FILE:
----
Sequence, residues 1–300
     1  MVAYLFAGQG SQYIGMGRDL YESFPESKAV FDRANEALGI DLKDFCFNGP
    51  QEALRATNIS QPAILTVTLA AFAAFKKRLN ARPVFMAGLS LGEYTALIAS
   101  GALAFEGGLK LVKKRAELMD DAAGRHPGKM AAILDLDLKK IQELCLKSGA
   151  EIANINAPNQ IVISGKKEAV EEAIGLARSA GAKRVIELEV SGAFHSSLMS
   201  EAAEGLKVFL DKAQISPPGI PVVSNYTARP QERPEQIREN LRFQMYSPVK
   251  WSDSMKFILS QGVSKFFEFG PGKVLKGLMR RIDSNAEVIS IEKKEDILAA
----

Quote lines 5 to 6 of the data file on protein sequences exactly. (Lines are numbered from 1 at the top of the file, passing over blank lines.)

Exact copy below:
   151  EIANINAPNQ IVISGKKEAV EEAIGLARSA GAKRVIELEV SGAFHSSLMS
   201  EAAEGLKVFL DKAQISPPGI PVVSNYTARP QERPEQIREN LRFQMYSPVK